On January 22, Iraq’s Parliament voted to revoke a proposed Cyber Crime Law, which was criticized for its vague definition of crimes such as “[espousing online] ideas which are disruptive to public order” and harsh punishments. The Electronic Frontier Foundation published an overview of the law's provisions and its potential impact for Internet users after the draft law was released last spring.

Several major media outlets in the United States including the New York Times, the Wall Street Journal, and the Washington Post revealed that their computer systems have been attacked by hackers suspected to be from China. According to reports, the hackers broke into the newspapers’ internal networks, spying on reporters’ email communications as well as files. Global Voices’ Oiwan Lam points out that cybersecurity has long been a major concern for Hong Kong and China-based independent reporters whose email accounts and SMS messaging services are frequently hacked.

Meanwhile, Twitter also experienced a cyber attack in which approximately 250,000 users were affected. Twitter believed the hack was done by “sophisticated attackers” and was not an isolated incident.

The New York Times reported that authorities in the US conducted a “secret legal review” of federal policy on the use of cyberweapons. Likely prompted by months of attacks on websites of US-based financial institutions, the review concluded that the President can command a pre-emptive strike if there is credible evidence of a “major digital attack” on the horizon. The rules governing this new executive power are classified.

Russia plans to fortify its cybersecurity practices by establishing a system to “detect, prevent, and respond to computer attacks.” The Kremlin issued a decree describing the new system, explaining that it will not only serve state agencies but also private websites, on the premise that all websites hosted in Russia are tied to the base network of the Russian Federation. The new policy will mark a shift in responsibility for cybersecurity from the Ministry of the Interior to the Federal Security Service (FSB), the country's primary agency for counter-intelligence and counter-terrorism.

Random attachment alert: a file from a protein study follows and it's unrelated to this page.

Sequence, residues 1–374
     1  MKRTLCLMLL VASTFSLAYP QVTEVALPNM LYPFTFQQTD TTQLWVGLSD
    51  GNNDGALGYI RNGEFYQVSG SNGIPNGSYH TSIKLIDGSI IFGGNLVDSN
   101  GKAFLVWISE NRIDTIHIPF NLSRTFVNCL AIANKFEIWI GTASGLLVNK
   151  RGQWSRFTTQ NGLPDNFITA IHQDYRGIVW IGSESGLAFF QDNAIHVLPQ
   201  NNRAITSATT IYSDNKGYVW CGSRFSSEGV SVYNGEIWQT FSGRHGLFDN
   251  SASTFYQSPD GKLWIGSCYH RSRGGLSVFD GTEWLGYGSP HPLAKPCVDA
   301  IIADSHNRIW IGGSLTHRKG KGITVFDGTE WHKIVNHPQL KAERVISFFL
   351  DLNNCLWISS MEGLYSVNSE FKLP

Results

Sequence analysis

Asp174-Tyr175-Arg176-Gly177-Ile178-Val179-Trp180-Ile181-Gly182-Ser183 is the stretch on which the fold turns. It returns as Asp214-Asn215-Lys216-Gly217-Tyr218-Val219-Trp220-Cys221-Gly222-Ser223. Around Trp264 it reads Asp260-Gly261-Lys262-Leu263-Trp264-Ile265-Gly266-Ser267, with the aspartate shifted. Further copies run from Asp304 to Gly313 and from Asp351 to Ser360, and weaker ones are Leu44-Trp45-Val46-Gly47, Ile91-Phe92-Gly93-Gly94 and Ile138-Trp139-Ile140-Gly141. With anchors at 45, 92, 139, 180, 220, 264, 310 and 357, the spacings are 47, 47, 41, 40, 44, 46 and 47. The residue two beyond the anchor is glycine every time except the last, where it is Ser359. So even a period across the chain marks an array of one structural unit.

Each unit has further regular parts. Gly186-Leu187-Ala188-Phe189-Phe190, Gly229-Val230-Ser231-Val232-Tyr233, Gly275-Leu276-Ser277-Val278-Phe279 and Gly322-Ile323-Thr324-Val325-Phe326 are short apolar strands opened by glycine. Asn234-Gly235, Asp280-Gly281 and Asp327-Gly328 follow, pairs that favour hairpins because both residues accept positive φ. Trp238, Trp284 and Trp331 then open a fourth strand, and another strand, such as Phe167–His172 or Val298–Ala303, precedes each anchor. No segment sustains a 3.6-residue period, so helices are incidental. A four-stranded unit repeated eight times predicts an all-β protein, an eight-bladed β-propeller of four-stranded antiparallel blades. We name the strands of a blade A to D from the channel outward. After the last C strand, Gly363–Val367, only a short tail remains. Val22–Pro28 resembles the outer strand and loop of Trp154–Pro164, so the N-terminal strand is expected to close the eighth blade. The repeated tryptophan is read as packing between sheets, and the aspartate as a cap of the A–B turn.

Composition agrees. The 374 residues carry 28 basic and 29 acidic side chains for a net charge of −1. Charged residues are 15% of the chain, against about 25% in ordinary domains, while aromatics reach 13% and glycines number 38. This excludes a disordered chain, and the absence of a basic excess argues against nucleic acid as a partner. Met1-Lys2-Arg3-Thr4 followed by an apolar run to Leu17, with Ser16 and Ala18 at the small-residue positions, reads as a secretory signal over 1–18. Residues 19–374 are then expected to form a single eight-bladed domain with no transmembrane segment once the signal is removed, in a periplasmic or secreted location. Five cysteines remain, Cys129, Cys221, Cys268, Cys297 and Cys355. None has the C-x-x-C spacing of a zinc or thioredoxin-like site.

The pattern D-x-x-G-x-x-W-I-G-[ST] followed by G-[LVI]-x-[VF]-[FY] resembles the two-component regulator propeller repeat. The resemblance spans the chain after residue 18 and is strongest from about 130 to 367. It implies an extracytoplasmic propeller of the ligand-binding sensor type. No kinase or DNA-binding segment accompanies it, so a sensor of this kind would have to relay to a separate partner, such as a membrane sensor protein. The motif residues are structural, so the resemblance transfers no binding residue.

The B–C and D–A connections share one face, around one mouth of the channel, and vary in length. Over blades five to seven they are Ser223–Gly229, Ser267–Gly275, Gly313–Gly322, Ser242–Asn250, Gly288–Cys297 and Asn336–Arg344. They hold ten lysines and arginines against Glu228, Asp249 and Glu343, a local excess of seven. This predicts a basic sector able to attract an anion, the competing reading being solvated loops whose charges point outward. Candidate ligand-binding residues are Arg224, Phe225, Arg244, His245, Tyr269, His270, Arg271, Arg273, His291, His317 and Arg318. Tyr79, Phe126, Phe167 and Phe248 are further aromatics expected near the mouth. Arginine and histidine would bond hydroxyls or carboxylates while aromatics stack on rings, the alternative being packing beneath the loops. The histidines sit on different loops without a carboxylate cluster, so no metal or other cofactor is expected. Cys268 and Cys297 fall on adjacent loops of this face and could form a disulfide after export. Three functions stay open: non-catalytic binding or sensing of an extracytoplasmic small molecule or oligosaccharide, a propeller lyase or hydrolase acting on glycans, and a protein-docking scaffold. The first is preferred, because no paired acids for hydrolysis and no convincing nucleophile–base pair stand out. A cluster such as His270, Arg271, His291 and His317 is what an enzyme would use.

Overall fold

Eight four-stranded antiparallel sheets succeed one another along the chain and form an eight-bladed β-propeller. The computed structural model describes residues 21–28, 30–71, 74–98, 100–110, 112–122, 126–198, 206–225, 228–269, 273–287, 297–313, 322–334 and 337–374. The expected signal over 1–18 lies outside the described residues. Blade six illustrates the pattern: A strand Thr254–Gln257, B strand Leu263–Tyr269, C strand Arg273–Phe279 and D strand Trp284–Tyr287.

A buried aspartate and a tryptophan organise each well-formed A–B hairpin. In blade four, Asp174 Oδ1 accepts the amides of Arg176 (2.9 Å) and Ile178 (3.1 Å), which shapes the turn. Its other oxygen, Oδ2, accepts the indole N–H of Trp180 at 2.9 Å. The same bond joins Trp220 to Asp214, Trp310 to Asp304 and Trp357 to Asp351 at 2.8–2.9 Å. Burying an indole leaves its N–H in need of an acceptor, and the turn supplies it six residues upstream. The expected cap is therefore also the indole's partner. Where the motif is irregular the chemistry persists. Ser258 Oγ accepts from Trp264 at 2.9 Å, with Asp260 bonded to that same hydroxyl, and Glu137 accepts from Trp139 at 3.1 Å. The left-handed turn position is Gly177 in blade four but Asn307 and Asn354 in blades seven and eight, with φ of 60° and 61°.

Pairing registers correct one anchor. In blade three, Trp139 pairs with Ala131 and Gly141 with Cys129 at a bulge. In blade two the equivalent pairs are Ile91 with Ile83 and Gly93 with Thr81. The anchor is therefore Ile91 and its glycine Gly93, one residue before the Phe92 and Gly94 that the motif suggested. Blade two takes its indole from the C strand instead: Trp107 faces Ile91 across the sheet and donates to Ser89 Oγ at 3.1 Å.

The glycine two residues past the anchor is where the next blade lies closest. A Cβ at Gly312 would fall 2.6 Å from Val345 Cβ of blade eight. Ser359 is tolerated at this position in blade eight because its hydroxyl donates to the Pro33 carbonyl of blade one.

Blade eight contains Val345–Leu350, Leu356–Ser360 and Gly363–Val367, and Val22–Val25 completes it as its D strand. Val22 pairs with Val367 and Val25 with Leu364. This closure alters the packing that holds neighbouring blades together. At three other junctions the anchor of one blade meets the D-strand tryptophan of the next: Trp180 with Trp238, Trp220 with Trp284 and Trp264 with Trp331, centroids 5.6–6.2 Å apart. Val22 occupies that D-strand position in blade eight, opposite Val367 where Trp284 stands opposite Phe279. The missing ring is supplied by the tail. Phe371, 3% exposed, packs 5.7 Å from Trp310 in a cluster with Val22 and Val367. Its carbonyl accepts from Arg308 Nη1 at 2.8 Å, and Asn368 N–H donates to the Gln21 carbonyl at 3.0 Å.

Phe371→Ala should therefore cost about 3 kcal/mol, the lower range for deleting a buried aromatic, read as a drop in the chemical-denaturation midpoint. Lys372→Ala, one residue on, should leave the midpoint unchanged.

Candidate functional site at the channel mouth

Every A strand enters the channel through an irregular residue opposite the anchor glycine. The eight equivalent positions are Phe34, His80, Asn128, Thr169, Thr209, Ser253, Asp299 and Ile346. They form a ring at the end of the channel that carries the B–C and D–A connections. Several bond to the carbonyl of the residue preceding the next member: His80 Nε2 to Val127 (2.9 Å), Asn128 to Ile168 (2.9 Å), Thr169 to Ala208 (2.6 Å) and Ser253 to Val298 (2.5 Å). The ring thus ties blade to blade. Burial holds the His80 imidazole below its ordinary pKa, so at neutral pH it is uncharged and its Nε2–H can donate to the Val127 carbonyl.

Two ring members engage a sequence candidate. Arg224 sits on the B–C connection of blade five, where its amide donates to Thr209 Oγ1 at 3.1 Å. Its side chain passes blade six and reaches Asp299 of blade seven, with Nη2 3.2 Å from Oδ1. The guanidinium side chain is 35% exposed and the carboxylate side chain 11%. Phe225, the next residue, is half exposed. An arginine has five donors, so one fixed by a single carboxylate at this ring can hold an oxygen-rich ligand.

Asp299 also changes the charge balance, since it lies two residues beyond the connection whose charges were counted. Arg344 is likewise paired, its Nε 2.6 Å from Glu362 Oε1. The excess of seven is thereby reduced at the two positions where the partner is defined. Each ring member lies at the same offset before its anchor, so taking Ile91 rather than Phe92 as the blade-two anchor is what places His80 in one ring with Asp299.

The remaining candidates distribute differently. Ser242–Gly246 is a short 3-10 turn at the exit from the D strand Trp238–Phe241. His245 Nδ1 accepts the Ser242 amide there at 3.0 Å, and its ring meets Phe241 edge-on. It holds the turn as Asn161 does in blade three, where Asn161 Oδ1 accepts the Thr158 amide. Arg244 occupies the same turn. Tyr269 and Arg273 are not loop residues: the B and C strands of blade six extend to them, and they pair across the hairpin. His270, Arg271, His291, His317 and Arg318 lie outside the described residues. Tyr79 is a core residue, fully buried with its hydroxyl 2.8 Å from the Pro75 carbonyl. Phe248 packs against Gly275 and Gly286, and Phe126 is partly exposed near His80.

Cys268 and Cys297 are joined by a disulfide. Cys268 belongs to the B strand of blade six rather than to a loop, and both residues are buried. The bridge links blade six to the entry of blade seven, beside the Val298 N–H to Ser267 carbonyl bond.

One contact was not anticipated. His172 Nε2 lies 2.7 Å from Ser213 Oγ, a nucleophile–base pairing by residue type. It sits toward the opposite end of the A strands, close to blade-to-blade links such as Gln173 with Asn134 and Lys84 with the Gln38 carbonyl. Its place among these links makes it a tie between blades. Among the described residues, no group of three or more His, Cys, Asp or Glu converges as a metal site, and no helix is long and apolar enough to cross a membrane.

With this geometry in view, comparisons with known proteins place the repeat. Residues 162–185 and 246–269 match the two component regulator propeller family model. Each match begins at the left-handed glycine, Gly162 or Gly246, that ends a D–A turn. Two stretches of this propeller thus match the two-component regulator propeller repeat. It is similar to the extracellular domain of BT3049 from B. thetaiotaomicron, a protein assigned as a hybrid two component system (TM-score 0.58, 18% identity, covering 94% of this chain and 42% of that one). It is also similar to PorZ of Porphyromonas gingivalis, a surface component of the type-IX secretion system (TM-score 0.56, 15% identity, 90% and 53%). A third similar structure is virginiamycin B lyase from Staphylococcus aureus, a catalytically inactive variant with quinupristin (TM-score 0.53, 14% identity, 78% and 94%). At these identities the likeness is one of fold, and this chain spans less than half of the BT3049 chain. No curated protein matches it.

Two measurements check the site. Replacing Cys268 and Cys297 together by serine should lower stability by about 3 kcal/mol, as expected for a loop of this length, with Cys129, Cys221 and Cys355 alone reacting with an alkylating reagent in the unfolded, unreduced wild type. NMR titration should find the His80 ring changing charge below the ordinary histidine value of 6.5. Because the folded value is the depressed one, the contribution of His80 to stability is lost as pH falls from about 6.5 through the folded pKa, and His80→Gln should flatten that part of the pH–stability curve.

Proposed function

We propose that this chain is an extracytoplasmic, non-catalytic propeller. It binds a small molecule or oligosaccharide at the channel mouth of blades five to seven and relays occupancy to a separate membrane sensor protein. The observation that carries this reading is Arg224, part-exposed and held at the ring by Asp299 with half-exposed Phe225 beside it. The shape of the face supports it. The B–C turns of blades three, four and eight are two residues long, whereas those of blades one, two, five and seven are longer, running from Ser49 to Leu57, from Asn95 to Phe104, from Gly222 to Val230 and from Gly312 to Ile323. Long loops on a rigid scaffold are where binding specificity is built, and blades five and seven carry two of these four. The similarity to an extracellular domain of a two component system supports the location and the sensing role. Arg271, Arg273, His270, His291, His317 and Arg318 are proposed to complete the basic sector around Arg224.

Netizen Activism

After incorporating comments and contributions from Internet communities such as Reddit, US House Representative Zoe Lofgren announced an updated draft version of the “Aaron’s Law,” a bill to reform the Computer Fraud and Abuse Act (CFAA) which had led to the prosecution of Aaron Swartz, the programmer and open Internet advocate who committed suicide in January of 2013.

Indonesian government websites were hacked after the police arrested 22-year-old Wildan Yani Ashari who allegedly hacked into the Indonesian President’s website in an effort to protest increasing government corruption in the country.

In Uzbekistan, one or multiple hackers broke into the website of the government-run National Television and Radio Broadcaster, replacing the regular content on the agency's homepage with a message that read, “The news you spread are lies!” The hacker(s), who identified themselves under the name Clone Security, appear to support Internet openness.

Cool Things
Collaborative website Noisebridge wrote a tongue-in-cheek response to Hollywood film studio DreamWorks, which had requested permission to use the Noisebridge logo in an upcoming movie about Julian Assange. The letter notes that “the only conditions under which Noisebridge would sue [DreamWorks] and their partners to the maximum damages entitled to us by law would be if it turned out that hackers like us were completely hypocritical nihilists out only for our own egotistical ends.”

Wired has posted a real-time visualization of Tweets around the world.

Publications and Studies